• I have a story I’ve been working on for the better part of 8 years on and off. It is the “death” of one of my favorite characters I’ve ever created, and it is beyond heartbreaking. I am not kidding or exaggerating when I say I have had panic attacks over it because it feels so cruel, as if I’m some god meddling in this character’s life and I’m doing such horrible, horrible things to her. Sure, she sacrifices herself to save her daughter and her adoptive family, but that doesn’t make it any less heartbreaking to write or to read over. And yet, this story is important to me and I cannot just quit working on it.

  4. I’m absolutely terrified of how wrecked I’m going to be when Fables ends in a few months; been reading that for the better part of a decade, and then there won’t be new adventures waiting for me (similar for Dresden Files in a few years.)

    Harry Potter & the Deathly Hallows may not be the best book in the series, but every turn of the page was filled with “please let them be okay.” The movies let me down in that a lot more could have been done to build up the deaths. Fred’s still get meets me right here.

    Though there are plenty of finales that I think were supposed to get to me that didn’t quite gel, like Futuramas various finales.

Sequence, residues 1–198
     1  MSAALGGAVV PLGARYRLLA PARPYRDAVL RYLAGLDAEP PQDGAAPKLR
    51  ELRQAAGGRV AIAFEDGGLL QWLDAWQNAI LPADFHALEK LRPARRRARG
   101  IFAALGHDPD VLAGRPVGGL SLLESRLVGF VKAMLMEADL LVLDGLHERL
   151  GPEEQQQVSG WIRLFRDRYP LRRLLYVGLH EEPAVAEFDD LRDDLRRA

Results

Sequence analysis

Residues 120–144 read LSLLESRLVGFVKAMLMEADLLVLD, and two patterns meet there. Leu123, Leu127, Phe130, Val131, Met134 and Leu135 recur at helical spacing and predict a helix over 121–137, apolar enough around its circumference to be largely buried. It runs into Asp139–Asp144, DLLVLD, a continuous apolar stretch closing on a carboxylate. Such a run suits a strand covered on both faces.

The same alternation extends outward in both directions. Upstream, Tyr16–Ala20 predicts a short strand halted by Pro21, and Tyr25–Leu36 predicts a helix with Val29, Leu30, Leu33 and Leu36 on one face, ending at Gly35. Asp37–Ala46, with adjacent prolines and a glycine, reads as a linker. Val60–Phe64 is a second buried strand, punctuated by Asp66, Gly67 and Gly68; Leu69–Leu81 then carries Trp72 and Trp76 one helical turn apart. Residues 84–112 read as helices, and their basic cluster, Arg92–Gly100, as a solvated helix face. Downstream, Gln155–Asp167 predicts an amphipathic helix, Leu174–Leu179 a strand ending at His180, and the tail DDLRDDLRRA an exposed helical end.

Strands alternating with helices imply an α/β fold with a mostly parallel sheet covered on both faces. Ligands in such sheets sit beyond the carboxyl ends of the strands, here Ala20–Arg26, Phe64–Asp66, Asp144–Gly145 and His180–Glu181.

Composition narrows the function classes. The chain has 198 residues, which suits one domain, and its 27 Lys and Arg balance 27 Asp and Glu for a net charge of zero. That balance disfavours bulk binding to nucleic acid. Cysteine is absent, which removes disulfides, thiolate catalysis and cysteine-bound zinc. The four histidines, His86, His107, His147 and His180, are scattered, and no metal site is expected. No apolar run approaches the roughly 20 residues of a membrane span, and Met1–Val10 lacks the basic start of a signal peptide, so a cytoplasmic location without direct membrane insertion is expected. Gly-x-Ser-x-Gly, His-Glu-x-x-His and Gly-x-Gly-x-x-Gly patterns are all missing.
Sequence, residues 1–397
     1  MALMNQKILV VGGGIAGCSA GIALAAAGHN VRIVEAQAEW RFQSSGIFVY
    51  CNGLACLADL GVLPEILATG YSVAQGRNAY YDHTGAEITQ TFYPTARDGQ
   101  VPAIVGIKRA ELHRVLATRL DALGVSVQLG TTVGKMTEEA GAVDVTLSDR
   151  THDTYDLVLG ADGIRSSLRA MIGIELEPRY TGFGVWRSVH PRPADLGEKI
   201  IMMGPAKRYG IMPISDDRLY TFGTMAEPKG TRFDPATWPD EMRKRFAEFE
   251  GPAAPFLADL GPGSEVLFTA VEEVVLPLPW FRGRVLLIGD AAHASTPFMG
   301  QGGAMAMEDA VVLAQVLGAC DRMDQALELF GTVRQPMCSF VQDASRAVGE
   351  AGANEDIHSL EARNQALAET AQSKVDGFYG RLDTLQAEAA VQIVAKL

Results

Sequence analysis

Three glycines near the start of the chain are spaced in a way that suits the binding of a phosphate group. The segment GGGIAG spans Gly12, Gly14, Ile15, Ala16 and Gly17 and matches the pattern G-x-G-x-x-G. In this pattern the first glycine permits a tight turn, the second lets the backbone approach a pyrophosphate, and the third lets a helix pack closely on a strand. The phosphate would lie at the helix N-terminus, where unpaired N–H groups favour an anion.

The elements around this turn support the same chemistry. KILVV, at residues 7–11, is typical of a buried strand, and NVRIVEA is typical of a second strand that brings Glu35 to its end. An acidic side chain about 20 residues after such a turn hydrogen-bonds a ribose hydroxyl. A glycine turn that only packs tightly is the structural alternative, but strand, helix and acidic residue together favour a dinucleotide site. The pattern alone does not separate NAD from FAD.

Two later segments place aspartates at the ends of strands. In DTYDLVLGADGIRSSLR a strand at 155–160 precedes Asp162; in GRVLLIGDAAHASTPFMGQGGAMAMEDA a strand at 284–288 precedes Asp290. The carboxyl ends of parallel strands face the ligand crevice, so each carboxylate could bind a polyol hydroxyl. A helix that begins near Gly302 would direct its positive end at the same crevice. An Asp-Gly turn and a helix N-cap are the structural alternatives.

• Considering they split the Deathly Hallows movie into two parts, I’m surprised how much they left out or cut down compared to the books. Some of the deaths that had a big impact on me in the books were kinda just… I dunno, like they half acknowledged it before moving on in the films.

      • Which is kind of why I’m always very pessimistic when I hear a “Part 1 & 2” for a movie being separated; with the exception of Kill Bill, there’s almost always stuff that can be cut out. The Hobbit could have been done in one four-hour movie.

  5. When it comes to emotionally devastating endings, you can’t beat certain japanese anime.

    As someone who hadn’t cried in over 2 decades (I was beginning to think I was like Dexter), Air managed to completely get me wrenched up inside. No spoilers but that ending fit in perfectly with the anime itself. It had me crying and wishing things hadn’t ended that way but looking at it, that’s the only way it could have ended.

    As far as Critical Hit goes, I honestly believe that the dark note that it ended on is the same as that from Empire Strikes Back (because that’s what life is, a series of dark notes). There is still plenty of room for a sequel.

    If that’s the end for Torq and the Torqletones or Trelle and the Nearlydeadmen then it fits as well as any anime, but I’m still hoping to see a Return of the Jedi.

  6. Thr fameously brutal ending of Blake’s 7 it’s utterly devastating but somehow satisfying in the way you can’t imagine it ending any other way.